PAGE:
Bangkok, 7 June 2016
Yes, I did that. On our recent tour of the Kimberley in Australia. The ant in question was the Green Tree ant or Weaver ant.
As readers can see, the ant has a bright green bum. The driver-cum-guide of our tour was a passionate advocate of the country’s Aboriginal population, of which there are still many in this little corner of Australia (it was the last part of the continent to be penetrated by white settlers, back in the 1870s). Among other things, on our walks through the bush he would point out various bush tucker (for non-Australians, that’s wild food which can be harvested in the bush), which he always claimed were bursting with proteins, Vitamin C, and other goodies, and which he would then invite us to try. So apart from Green Tree ants, I dutifully ate the petals of Australia’s kapok tree
the “petals” of the rosella “flower”
and the inside of the “nut” of the Australian boab tree (on which hangs a fascinating tale, which I will write up in a later post).
His partner, who was our cook, also fed us camel burghers (camels can now be found in the wild in Australia by their millions)
and kangaroo stew (also to be found in their millions throughout Australia, but of which we saw surprisingly few on this trip).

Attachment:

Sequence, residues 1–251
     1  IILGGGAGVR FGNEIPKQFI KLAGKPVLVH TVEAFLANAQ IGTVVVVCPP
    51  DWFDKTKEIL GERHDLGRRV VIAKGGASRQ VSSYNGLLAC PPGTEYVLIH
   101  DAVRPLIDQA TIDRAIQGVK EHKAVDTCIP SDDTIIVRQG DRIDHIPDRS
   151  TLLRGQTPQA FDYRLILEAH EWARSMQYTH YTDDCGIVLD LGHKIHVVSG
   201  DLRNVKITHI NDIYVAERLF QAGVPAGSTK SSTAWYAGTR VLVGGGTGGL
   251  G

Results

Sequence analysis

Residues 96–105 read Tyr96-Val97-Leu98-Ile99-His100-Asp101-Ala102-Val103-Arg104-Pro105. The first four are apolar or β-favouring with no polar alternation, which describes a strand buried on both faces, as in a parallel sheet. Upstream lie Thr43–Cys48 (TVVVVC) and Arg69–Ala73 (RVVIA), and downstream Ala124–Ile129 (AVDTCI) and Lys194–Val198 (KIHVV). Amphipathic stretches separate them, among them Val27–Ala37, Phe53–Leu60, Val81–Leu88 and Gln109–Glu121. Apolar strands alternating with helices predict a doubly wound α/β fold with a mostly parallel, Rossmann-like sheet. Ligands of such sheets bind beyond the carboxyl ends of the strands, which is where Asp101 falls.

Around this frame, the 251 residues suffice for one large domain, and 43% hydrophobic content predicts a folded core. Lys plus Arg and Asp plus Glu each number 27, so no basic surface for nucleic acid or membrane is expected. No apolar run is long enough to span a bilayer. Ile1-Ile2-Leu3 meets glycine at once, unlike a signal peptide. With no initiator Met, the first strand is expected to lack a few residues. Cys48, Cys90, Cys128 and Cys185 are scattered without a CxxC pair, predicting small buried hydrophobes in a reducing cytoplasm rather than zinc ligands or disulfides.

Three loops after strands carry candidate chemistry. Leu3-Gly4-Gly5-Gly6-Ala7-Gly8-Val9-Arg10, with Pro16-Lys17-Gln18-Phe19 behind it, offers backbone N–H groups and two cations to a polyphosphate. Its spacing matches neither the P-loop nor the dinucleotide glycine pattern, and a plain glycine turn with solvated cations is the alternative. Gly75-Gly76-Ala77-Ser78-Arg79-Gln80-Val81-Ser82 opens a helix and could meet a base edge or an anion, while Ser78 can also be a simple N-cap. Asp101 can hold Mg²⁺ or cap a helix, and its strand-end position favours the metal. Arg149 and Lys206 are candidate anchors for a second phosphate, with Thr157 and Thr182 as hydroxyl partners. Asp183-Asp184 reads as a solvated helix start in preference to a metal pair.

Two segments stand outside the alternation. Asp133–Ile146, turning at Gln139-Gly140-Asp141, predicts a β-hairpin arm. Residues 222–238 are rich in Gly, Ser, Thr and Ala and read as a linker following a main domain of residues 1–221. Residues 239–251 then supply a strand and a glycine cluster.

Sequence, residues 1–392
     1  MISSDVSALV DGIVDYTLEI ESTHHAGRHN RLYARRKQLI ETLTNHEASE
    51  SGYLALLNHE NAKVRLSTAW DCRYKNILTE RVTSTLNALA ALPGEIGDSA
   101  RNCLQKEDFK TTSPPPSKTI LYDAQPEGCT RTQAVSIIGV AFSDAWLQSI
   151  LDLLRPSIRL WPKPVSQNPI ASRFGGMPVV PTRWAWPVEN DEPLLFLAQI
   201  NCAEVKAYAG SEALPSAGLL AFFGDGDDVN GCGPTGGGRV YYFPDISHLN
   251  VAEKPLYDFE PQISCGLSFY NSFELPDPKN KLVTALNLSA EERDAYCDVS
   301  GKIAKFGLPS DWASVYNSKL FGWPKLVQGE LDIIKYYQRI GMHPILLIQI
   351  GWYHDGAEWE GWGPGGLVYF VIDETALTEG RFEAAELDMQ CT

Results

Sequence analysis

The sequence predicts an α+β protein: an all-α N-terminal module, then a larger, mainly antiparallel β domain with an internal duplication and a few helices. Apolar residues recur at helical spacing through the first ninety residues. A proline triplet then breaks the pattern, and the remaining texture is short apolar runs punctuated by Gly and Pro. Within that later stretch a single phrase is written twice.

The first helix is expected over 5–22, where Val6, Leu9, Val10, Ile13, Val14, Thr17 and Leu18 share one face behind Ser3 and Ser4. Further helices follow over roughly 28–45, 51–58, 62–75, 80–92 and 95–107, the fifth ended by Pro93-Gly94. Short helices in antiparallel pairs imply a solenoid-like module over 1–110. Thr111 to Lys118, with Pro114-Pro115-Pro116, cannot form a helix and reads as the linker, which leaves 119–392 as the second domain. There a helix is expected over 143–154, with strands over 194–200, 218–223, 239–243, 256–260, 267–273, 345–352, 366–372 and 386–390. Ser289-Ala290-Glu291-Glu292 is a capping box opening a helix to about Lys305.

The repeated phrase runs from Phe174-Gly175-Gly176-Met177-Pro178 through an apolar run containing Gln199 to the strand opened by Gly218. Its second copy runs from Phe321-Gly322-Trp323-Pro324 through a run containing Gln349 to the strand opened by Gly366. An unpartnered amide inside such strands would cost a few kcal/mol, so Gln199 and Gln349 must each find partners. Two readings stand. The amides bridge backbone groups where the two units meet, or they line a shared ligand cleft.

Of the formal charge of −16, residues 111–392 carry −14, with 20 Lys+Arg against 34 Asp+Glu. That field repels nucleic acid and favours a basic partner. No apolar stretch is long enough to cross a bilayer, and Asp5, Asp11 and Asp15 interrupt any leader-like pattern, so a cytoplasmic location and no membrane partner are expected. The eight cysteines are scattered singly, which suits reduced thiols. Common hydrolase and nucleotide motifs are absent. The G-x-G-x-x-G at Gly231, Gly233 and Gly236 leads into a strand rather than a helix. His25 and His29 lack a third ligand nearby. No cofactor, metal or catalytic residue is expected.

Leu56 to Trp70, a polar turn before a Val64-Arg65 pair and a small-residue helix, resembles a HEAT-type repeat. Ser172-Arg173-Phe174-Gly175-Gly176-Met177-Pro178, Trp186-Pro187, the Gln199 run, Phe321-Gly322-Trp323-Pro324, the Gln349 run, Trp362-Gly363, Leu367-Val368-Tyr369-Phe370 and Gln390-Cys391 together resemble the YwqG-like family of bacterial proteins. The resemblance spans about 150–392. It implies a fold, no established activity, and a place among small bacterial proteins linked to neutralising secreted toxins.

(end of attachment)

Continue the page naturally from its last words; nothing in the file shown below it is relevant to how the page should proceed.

My conclusion: I really hope I don’t need to be a vegetarian in the Australian bush.
But actually, further research on my part since we returned from Australia suggests that the range of bush tucker we tried on our tour was rather limited. One article in Wikipedia has quite a long list of bush tucker to be found in the top end of Australia where we found ourselves, only one of which – the boab nut – we tried. So I really shouldn’t give up on bush tucker just yet.
Green tree ant: http://www.alexanderwild.com/Ants/Making-a-Living/Arboreal-Ants/i-wpGjWZ8
Kapok tree flower: http://www.crystalchannelers.com/blog/plantology—aboriginal-healing-recipes—reduce-a-fever
Open boab nut: https://outbackjoe.com/macho-divertissement/bush-tucker-plants-and-animals/boab-tree/
Wild camels in Australia: https://www.dpaw.wa.gov.au/management/pests-diseases/202-camels-in-western-australia?showall=1